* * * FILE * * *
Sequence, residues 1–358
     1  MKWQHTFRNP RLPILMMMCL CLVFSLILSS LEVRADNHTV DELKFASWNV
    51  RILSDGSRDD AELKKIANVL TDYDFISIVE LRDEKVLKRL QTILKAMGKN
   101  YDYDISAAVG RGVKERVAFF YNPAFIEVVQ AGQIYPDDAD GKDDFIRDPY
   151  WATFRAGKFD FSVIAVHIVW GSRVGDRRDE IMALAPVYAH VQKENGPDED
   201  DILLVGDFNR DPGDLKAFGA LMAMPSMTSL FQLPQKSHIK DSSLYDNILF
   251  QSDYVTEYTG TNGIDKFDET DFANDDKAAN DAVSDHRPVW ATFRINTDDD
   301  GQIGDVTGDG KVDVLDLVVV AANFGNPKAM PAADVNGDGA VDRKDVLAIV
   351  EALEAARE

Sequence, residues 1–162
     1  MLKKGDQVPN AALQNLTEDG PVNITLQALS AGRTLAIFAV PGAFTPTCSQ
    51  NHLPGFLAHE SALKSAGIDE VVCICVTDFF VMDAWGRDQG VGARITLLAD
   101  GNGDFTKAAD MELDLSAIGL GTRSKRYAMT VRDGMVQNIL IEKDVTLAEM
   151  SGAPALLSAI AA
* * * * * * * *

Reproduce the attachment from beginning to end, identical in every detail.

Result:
Sequence, residues 1–358
     1  MKWQHTFRNP RLPILMMMCL CLVFSLILSS LEVRADNHTV DELKFASWNV
    51  RILSDGSRDD AELKKIANVL TDYDFISIVE LRDEKVLKRL QTILKAMGKN
   101  YDYDISAAVG RGVKERVAFF YNPAFIEVVQ AGQIYPDDAD GKDDFIRDPY
   151  WATFRAGKFD FSVIAVHIVW GSRVGDRRDE IMALAPVYAH VQKENGPDED
   201  DILLVGDFNR DPGDLKAFGA LMAMPSMTSL FQLPQKSHIK DSSLYDNILF
   251  QSDYVTEYTG TNGIDKFDET DFANDDKAAN DAVSDHRPVW ATFRINTDDD
   301  GQIGDVTGDG KVDVLDLVVV AANFGNPKAM PAADVNGDGA VDRKDVLAIV
   351  EALEAARE

Sequence, residues 1–162
     1  MLKKGDQVPN AALQNLTEDG PVNITLQALS AGRTLAIFAV PGAFTPTCSQ
    51  NHLPGFLAHE SALKSAGIDE VVCICVTDFF VMDAWGRDQG VGARITLLAD
   101  GNGDFTKAAD MELDLSAIGL GTRSKRYAMT VRDGMVQNIL IEKDVTLAEM
   151  SGAPALLSAI AA